The Cadaver Club

Iain Sinclair

  • Original Sin by P.D. James
    Faber, 426 pp, £14.99, October 1994, ISBN 0 571 17253 9
  • Dan Leno and the Limehouse Golem by Peter Ackroyd
    Sinclair-Stevenson, 282 pp, £14.99, September 1994, ISBN 1 85619 507 4
  • The Hidden Files: An Autobiography by Derek Raymond
    Warner, 342 pp, £5.99, December 1994, ISBN 0 7515 1184 6
  • Not till the Red Fog Rises by Derek Raymond
    Little, Brown, 248 pp, £15.99, December 1994, ISBN 0 316 91014 7

Baroness James, making a rare visitation to a blighted metropolitan zone, downriver of Tower Bridge, has written a very useful book, a book on which I will be happy to draw for years to come. That was back in 1972. Title? The Maul and the Pear Tree; co-authored by T.A. Critchley of the Police Department at the Home Office, where James then earned her crust as a Principal in the Criminal Policy Department. She had previously produced four well-received mysteries and this was her first work of non-fiction (apart, presumably, from interdepartmental memos, annual reports and the like). The Maul and the Pear Tree was a spirited, effectively researched account of the infamous Ratcliffe Highway Murders of 1811; an account which offered, as an additional benefit, when the compulsory gloating over the crimes was accomplished, a persuasive sketch of the districts of Shadwell and Wapping in their maritime pomp – brothels, grog shops, provisioners, the bustle and fret of a crowd in perpetual motion, oysters at midnight, and all of it ‘bounded to the south by London’s dark blood stream, the Thames’. The book (a modest 234 pages) was anecdotal, speculative, inhabited. There was something going on. The past blistered seductively like the golden skin on a good Welsh rarebit. The project was a live one, working hard, after paying its respects, to defuse the purple excesses of Thomas De Quincey’s On Murder Considered as one of the Fine Arts. This is P.D. James at her best; the fastidious dabbling in horror, the forensic eye finding order in chaos. Now, 22 years later, with the oven-ready blockbuster, Original Sin, she returns to cover the waterfront, and the question has to be – what went wrong?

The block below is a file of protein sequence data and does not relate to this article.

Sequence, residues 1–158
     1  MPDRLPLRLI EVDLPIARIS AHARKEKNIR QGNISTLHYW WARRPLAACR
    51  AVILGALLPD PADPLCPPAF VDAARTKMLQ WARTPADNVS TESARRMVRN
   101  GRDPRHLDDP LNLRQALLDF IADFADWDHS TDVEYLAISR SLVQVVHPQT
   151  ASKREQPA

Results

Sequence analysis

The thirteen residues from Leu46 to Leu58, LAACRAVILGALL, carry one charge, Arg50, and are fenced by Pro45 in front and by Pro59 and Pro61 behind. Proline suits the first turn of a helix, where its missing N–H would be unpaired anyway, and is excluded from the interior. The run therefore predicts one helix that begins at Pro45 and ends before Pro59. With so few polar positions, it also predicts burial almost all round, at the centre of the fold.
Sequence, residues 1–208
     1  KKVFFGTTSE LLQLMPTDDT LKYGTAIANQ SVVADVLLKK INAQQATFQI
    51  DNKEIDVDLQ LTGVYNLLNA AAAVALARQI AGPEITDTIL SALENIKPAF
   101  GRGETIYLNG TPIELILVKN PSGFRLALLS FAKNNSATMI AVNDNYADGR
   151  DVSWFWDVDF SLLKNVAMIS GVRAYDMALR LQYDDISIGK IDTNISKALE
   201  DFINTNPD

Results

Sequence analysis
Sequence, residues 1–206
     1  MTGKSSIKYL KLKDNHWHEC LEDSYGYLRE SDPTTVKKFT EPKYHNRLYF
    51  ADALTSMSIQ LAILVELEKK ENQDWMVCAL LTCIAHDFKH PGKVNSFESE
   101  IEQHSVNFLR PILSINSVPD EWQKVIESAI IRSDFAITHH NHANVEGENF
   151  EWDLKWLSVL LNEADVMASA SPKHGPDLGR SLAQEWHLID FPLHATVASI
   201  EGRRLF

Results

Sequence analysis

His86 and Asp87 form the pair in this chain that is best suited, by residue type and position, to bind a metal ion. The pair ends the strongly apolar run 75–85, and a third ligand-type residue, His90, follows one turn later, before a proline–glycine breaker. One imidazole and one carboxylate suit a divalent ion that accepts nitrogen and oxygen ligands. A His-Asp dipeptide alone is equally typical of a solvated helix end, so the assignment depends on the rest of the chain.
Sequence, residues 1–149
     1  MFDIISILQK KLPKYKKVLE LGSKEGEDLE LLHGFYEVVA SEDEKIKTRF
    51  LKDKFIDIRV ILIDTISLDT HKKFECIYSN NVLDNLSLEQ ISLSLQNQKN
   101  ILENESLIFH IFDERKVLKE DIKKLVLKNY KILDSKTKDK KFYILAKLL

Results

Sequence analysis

Surely, it can’t just be the absence of T.A. Critchley’s guiding hand? Or the weird Balkan alliances of Liberal Democrats, property developers, hotshot essayists and art brokers that have, in the intervening years, stomped the riverside? This emphysemic essay in historical revisionism, the acceptable face of entropy, is a pantomime that’s all Dame and no Demon Queen. A Thatcherite pestilence has descended on the dead hamlets – but without the intervention of the Great Handbagger. Wapping is posthumous. It has bottled the fizz of its lowlife past, the aliens, the parrots, the peglegs: all press-ganged upstream with Adam Dalgleish’s impersonator, Roy Marsden, for the Long John Silver show at the Mermaid. James is left with a heritage trail of selective quotations, a London Dungeon of waxwork crimes exhibited in authentic locations. This is an empty set, a set defined by its architecture (where even Mandy the Temp, in her anachronistically fab gear, seems to be trying to catch the eye of Gavin Stamp). An increasingly silly catalogue of deaths and suicides announces the final surrender of the Golden Age Murder Mystery: Agatha Christie force-fed on Pevsner and the humbug of Kenneth Baker’s latest flag-waving anthology. A sub-genre that has always been profoundly conservative (hence its popularity, up there with P.G. Wodehouse, in America) is reduced to editorialised sound-bites from a phantom Smith Square manifesto. Two coppers can’t sit down for a swift half without debating the morality of capital punishment. (‘I happen to believe that the death penalty does deter, so what I’m saying is that I’m willing for innocent people to take a greater chance of being murdered so that I can salve my conscience by saying that we no longer execute murderers.’) Autopilot opinions suggesting that the author has donated far too much of her time to media book-gabble and the smokefree backrooms of power. Indeed, she could be said to have invented a new form of fiction – whereby the promotional interviews are conducted within the text. The phobia about the Thames flooding through the Greenwich foot tunnel suffered by the wimpish Frances Peverell signals the obvious prompt to Dame Phyllis (obligingly picked up by John Walsh in the Independent magazine). The drag, for this reviewer, was being caught up in an unforgiving ‘Garlands of English Literature’ quiz set by a bright, time-warped 16-year-old from the Cambridge High School for Girls. You daren’t skip-read for fear of being ticked off by Commander Dalgleish for misquoting Jane Austen.